Saturday, February 23, 2008

Saturday Morning

As I write this I am comfortably reclined in an upholstered chair, surrounded by equipment humming and clicking and occasionally beeping. A monitor and keyboard hover in front of me supported by an articulated arm *what the heck is that noise*

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Please excuse the interruption. I am at home now.

I intended to continue that first paragraph by explaining to you that I was blogging one-handed because my left arm was busy with a fat needle and a several clear tubes connected to an intricate machine named Amicus that was pumping blood out of my arm, extracting life-saving platelets, and returning my blood to me.

You may or may not know, so I will explain, that this is a completely sterile process, because the Amicus and others of its ilk are set up for each extraction with a sealed 'kit' of tubes and bags and such, so the only opening in the entire kit is at the needle. Everything from my entry paperwork to the final product is identified with barcode labels.

The kit itself fits into openings in the Amicus, and loading it is a process that - well, if you sew, have you ever threaded a serger? It's a lot like that. Bags go on hooks, tubes go into channels and around gears, and I don't know what else. It is an extremely well monitored system and I feel completely safe with the procedure, plus I get that warm fuzzy feeling of having done something beneficial for a cancer patient or some idiot who doesn't know to slow down when the streets are icy. They tell me that one platelet donation can save three lives.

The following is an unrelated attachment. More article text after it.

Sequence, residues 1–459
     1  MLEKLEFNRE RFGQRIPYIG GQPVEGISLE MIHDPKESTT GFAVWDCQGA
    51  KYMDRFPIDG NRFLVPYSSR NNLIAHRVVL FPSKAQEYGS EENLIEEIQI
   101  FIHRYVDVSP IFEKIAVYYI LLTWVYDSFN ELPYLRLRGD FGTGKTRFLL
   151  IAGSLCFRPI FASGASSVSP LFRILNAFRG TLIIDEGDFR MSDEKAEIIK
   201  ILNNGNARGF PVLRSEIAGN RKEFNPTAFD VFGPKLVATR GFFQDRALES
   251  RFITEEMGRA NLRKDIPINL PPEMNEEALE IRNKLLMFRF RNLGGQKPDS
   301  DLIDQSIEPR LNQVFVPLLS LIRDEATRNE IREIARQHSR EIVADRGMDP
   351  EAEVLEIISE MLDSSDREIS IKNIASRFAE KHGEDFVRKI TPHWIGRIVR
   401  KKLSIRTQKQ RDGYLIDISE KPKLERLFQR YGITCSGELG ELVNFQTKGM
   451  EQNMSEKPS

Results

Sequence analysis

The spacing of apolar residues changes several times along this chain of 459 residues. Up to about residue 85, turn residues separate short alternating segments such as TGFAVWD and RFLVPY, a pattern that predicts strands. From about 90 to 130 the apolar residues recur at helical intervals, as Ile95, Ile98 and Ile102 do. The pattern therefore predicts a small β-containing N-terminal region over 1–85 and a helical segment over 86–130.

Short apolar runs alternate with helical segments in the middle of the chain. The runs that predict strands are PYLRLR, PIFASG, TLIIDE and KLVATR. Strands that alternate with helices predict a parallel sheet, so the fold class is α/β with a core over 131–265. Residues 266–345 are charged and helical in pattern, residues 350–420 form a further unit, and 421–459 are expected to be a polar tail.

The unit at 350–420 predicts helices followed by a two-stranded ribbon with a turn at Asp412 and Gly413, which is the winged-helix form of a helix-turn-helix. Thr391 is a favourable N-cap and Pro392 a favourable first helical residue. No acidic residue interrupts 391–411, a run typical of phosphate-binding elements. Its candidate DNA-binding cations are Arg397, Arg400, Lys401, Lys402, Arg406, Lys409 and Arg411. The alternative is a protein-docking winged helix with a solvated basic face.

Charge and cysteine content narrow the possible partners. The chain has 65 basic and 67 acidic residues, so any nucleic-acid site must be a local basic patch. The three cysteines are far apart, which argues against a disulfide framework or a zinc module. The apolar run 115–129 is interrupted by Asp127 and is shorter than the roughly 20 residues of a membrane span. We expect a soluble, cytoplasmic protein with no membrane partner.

I was going to tell you about my surroundings, including the man to my right who was quietly snoring, and the lady to my left who was engrossed in a book. I was going to describe the two phlebotomists who were at this time all the way down at the end of the long room, taking care of some chores after making sure we donors were snugly settled in.

I was rudely interrupted from this pleasant story-telling by the sudden onset of horrible banging and clanking and screeching noises from that wonderful machine named Amicus.

As I said, no one was nearby, so I said, loudly, "HELP!" That, or possibly the awful noises from Amicus, got the immediate attention of two skilled professionals, who rapidly shut down the machine, pulled the needle from my arm, and applied a gauze pad to the hole so my blood wouldn't leak out. They were calm but definitely not smiling as they diagnosed the problem as a "defective kit." I got the impression that this was something that would be intensely investigated. I can't even imagine how much paperwork this incident will generate.

They told me I was fine, but I would have to wait the full 58 days before I could donate again because I did not get that 'return'. I would need that time to rebuild my blood.

I really admire those women. I feel so safe in their care. Most of the time, everything goes as planned, but when it doesn't, there is no hesitation. They know exactly what to do.
I am really sorry they had to clean up all that mess, and I'm also sorry the blood was wasted. I'll go back in April. Or maybe May.


  1. WOW....sounds like an interesting experience. I would have yelled HELP too!! It is good to see you back out here. I need ot update my blog again too. I hope to make it to the Knit In at Gourmet next month....

    Ginny =^..^=

  2. Wow. They won't take my blood. I've always been slightly secretly relieved. I've always wanted to donate but since I can't....